Markets tend to focus on easily obtainable data like unemployment insurance claims, job reports, and consumer confidence surveys when assessing economic conditions and their effects on human psychology. That works well enough in normal times, where the bright, clear lines of historical data graphs allow us to compare today to yesterday with some confidence the inherent noisiness of the information is at least similar across cycles.
It may not, however, work so well right now; suddenly putting +20% of the US workforce on leave, limiting physical movement, not to mention a public health crisis, all play havoc with the traditional linkages between economic events and how people respond to them. We also have to consider that enhanced unemployment insurance, essentially replacing 100% of base pay for millions of Americans, is a natural experiment without precedent here. As a result, it is hard to lean too heavily on history to predict what happens next.
To try and fill some of this information gap, we looked at scores of Google search volume counts for different queries that might illustrate how Americans are incorporating economic uncertainty into their owns lives. Our assumption is that what a user does or doesn’t google is a truer reflection of their personal reality than any other measure.
Here are the 2 questions we tried to answer with this approach along with several Google Trends charts that provide some insight:
#1: Are Americans focused on finding a new job to replace 1) one they have lost, 2) one they fear losing, or 3) lost household income from someone else losing their jobs?
The grocery, online shopping and food delivery industries are certainly hiring, for example; here is the 12-month Google search interest for “grocery job”, “warehouse job” and “delivery job”:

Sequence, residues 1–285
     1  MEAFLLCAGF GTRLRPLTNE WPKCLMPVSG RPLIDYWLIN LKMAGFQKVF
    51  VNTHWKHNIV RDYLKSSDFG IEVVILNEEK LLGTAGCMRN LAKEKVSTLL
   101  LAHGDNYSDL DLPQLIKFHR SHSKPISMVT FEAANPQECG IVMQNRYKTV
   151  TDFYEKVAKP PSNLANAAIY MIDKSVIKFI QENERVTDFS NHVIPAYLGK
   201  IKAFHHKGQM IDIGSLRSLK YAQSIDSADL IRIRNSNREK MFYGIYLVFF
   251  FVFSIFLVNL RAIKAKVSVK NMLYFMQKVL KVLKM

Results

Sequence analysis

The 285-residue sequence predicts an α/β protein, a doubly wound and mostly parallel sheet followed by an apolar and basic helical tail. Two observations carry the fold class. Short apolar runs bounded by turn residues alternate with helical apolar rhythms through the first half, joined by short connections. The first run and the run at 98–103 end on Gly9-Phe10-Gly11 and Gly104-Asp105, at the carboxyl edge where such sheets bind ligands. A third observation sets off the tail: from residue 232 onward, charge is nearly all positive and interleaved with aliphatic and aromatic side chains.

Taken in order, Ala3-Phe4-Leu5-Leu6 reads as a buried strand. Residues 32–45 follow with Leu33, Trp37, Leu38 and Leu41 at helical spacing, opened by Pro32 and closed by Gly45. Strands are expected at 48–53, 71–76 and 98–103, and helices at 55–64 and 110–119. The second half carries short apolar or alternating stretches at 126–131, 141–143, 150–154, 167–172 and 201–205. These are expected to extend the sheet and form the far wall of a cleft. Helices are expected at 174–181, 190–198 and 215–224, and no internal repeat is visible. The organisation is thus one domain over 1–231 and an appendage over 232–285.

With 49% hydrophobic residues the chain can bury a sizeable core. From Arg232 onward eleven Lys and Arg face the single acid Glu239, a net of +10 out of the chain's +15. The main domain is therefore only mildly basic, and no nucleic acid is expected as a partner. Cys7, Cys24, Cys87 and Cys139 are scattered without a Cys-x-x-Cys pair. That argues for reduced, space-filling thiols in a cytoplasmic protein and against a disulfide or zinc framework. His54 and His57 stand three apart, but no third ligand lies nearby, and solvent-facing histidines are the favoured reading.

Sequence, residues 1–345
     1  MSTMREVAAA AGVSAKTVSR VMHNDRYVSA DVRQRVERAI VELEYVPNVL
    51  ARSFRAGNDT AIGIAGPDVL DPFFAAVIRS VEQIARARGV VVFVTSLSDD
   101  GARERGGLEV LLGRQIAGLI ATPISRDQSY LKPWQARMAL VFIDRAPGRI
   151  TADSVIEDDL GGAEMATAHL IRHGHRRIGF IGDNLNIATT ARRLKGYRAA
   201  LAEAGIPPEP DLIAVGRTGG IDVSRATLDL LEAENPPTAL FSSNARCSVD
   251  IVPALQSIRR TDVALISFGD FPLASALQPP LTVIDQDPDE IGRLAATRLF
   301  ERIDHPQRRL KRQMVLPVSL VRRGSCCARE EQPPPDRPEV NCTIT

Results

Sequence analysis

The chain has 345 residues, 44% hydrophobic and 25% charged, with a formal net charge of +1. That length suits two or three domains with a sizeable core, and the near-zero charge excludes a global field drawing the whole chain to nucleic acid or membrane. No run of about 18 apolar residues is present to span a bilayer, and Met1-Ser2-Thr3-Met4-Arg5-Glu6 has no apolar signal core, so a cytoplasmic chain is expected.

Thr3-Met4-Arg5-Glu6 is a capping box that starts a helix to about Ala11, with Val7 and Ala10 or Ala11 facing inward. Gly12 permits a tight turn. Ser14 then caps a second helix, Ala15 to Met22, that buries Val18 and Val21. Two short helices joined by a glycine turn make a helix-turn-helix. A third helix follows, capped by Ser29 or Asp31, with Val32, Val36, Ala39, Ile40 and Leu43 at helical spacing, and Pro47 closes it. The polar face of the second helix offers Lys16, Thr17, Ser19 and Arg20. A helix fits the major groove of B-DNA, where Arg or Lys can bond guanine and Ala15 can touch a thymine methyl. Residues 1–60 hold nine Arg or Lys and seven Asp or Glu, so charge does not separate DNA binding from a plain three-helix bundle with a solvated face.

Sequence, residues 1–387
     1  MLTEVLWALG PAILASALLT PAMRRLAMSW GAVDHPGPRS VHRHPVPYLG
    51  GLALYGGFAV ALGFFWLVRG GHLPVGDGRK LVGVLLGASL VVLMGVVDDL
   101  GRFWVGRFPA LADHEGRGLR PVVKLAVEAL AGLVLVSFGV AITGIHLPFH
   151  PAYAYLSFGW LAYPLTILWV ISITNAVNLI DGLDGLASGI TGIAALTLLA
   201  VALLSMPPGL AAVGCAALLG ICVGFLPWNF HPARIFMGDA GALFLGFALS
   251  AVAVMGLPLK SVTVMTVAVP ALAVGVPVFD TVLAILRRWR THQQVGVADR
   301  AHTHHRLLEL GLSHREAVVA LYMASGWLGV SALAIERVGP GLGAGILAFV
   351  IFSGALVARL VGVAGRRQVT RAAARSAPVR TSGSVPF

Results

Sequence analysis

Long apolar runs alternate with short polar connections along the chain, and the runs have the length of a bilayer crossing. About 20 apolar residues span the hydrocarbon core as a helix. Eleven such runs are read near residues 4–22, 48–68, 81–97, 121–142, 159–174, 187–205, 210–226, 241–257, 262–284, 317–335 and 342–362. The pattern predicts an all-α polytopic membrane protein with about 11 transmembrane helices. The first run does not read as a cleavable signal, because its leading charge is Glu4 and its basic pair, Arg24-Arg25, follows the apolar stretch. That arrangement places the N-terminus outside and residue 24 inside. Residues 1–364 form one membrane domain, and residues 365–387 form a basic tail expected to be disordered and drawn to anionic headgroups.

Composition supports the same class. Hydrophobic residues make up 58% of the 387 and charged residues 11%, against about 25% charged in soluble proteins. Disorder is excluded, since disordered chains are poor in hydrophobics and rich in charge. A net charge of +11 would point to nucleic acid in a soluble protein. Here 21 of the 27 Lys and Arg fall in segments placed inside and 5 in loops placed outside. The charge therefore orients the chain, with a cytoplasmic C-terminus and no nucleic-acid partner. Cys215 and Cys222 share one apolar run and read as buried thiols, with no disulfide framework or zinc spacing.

The takeaway here: last month’s interest in these jobs was short-lived, and Google searches for each currently resemble the pre-COVID labor market environment.
Another vector into the same idea: Google searches for “jobs near me”, a very common online query:
Takeaway: this one is harder to assess than the first example, because most potential job seekers know many businesses are closed. Still, we find it remarkable that search volumes for “jobs near me” are lower now than at any pre-COVID point in time.
#2: Has recent economic uncertainty caused Americans to become more interested in upgrading their skill sets to improve their hire-ability and potential for advancement?
Here are US Google search volumes over the last year for “online college” and “ged” (a credential equivalent to a high school diploma):
And here is the search volume data for “real estate exam” (a popular independent career with good income potential and limited requirements in terms of prior experience) and “career coach”:
Takeaway: we don’t know whether these charts, which show generally less interest in improving employability or changing careers now versus pre-COVID, are 1) a sign of confidence that the US job market will return to normal quickly, or 2) people giving up on improving their standing in that same market. If pressed, we’d say “both”.
Summing up: we would not have predicted how any of these charts look when we started scanning through them (and dozens of others) this morning. As a group they seem to show an American workforce frozen with uncertainty and presumably hoping the country’s reopening will produce an economy very similar to the one they left. We hope so too, because there’s clearly no “Plan B” expressed in the charts we’ve shown you today.